Learning Between the Lines
Think back to when you were in middle school. You would come home from school, toss your bulky backpack in the corner, and plunge towards the kitchen for some post-schoolwork snacks after a long day. Do you remember your mom asking — “what did you learn today?” Or what about your [consistently thorough] answer of “nothing”? Well, you lied. You lied to your mom many times. You should call her up and apologize, and I will tell you why.
It is virtually impossible to not learn something new every day. Nothing is repetitive, but let’s not get too scientific. The point is… there is always at least one part of your day that is different — whether you have a new pen or a new job. The issue is that we do not always notice what we are learning, or we don’t look into it deeply enough. Well, during my internship this past summer, I decided to keep track of the “top five things I learned” every day. At the end of my internship, I had over three hundred and three new things stored in my brain to annoy people with. Here are some of the most important things I learned.
Rule number one, kids, don’t listen to your teachers. Just kidding. However, you need to speak up more. Just because you aren’t as wise as some others doesn’t mean that you have nothing to bring to the table. If you have an idea, you need to share it. If you have an opinion or critic, you need to share that too (sparingly). I have had many idiotic ideas. Most of the time, I knew they were idiotic. Did I care? Yes, but, I still shared them. If you hold back, you’re denying others the privilege of knowledge and access to expansive thinking. Don’t be that guy.
Next up on the list: keep up. Forgive me for bringing up that obnoxious phrase that your gym teacher screamed while you panted through the “mile run” in high school. Technology is that annoying kid who always finished the run first. It is quick, ruthless, and will leave you in the dust if you don’t keep up. This means that you must read news about technology, see what new products are available, how it is affecting our economy and society, etc. If you want to build an app, you better know what apps have been built. If you need to complete a task that seems near impossible, I bet there is a technological golden ticket waiting to solve all of your problems. Do some digging and don’t put down the shovel.
When I first started learning about programming, I would read plenty, but never practice. I was digging my own grave. Here’s what I took away: programming is hard. Yes, that is subjective. But, my point is, you need to struggle at something to get better. Again, this is not news to you. But, when you are sitting at your desk, starting at a screen, about five seconds from throwing your laptop at the wall (I speak from experience), just stop. Take a deep breath and, by all means, put down that expensive machinery in your hands. If there is one key piece of advice I have when it comes to learning, it is that you need to practice. Actually doing something is completely different than watching someone do it or reading about it.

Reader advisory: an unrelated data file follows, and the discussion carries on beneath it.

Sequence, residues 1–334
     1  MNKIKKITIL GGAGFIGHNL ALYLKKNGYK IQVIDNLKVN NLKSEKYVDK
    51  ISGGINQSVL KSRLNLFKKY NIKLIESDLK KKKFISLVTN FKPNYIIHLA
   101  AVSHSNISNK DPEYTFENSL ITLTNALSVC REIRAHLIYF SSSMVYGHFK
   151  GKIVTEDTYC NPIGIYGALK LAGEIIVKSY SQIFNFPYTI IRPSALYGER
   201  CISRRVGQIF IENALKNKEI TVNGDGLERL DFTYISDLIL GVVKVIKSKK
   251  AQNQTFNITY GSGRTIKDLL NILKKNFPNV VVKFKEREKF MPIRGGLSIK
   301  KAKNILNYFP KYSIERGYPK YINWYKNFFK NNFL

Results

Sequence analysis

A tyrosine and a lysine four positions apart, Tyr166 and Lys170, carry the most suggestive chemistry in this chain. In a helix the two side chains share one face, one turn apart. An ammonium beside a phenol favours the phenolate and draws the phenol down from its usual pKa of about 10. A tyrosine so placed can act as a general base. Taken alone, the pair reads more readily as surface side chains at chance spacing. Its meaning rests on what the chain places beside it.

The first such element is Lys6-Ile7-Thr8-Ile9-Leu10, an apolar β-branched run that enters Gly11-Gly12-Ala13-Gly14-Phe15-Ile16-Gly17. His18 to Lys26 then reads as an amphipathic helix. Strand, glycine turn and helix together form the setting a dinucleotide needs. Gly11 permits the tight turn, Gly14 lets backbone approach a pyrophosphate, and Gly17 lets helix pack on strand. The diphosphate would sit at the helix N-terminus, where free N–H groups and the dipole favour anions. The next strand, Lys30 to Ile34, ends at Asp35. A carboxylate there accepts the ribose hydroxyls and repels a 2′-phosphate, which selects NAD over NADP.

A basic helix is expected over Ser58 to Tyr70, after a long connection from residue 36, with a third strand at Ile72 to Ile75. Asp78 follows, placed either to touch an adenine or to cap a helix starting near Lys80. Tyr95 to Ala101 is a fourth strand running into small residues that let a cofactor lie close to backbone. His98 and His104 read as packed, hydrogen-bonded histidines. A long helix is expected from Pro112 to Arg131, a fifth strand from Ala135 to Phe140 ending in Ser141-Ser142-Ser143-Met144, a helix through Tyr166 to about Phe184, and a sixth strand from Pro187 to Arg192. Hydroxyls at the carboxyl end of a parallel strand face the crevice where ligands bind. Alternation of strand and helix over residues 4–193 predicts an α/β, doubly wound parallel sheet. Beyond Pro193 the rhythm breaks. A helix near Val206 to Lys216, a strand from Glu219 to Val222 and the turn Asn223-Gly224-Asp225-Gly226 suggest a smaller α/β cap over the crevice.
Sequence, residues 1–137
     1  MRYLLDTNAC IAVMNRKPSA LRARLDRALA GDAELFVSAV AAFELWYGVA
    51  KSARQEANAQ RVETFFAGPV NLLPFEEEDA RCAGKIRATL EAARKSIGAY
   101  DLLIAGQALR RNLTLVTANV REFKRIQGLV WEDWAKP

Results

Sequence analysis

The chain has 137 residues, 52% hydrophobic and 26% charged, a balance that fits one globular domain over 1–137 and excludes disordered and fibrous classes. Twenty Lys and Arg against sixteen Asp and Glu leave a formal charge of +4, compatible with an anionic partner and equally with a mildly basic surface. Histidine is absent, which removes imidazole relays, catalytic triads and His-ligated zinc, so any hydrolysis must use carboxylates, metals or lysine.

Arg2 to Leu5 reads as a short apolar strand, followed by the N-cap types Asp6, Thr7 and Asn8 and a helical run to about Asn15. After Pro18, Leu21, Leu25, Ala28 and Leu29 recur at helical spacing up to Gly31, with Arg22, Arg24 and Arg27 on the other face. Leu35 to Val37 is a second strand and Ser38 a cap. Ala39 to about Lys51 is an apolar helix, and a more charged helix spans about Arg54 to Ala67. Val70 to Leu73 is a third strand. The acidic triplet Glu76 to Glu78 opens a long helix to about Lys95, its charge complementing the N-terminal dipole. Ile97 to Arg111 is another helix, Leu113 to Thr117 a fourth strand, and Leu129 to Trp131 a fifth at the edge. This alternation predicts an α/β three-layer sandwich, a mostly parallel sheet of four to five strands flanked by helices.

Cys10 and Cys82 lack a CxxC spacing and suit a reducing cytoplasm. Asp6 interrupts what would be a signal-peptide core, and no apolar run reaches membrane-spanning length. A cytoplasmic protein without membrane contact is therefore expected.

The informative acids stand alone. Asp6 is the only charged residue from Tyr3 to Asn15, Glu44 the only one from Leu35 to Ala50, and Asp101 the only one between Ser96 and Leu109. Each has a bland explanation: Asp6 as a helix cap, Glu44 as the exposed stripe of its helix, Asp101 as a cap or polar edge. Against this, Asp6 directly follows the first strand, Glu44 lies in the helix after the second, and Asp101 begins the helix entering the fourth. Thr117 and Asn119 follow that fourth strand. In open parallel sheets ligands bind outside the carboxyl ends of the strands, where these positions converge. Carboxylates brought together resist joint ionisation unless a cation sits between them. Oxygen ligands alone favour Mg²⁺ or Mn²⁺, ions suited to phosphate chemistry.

Since you’re learning so much, go ahead and brush up your finance skills while you’re at it. You need to know your numbers. No one wants to be the clueless coworker who can’t contribute to the conversation due to their financial-illiteracy. Take a finance class, learn your financial terms, learn how it works with a business and how it ties in with the national and global economy. If you can learn the basic concepts of finance, you will not only save yourself headaches from “adulting” in the future, but will also look smarter than all of your coworkers… and that should be motivation enough.
Okay, enough business. Let’s keep this tech-thing going, shall we? When it comes to technology, there is no gray area. In the words of the wise Katy Perry, “you’re hot then you’re cold, you’re yes then you’re no… it’s black and it’s white”. In other words, a computer says “yes” and “no”, but never says “maybe”. A computer can do almost anything if you clearly tell it what the steps are. In every industry, soft skills are important, but in technology, hard skills are especially important. If you don’t know your stuff, and don’t have the skills needed, you cannot do your job; there is no way around that. So, if you want a technical role, be like a computer and absorb as much knowledge as possible.
The last thing that I want to mention is more informational than consultative. Throughout my internship, and across almost every tech news channel, the focus was: mobile, mobile, mobile. Our banks, stores, browsers, calendars, and almost everything else is moving into our hands — literally and figuratively. As more companies transition to our quick, “on-the-go” lifestyle, we will see the use of desktops and laptops decline. Just look at the amount of smart-watches and smart-glasses getting attention now. Imagine in ten years. The other day, I heard someone complain about opening their laptop since they’d have to go through “all the work” of logging in. Webster’s Dictionary is going to need to redefine the word, “work”, pretty soon if this becomes common.
So, at the end of my internship, I stood up in front of my bosses and told them what I just told you (with just a tad less sarcasm). They seemed to agree with all of my points, or they could have just been nice to me. Whichever it was, I can promise you that I am only sharing what I have heard countless times from various people, so it would not be a bad idea to consider this advice. At least, now, you can say that you have not learned “nothing”.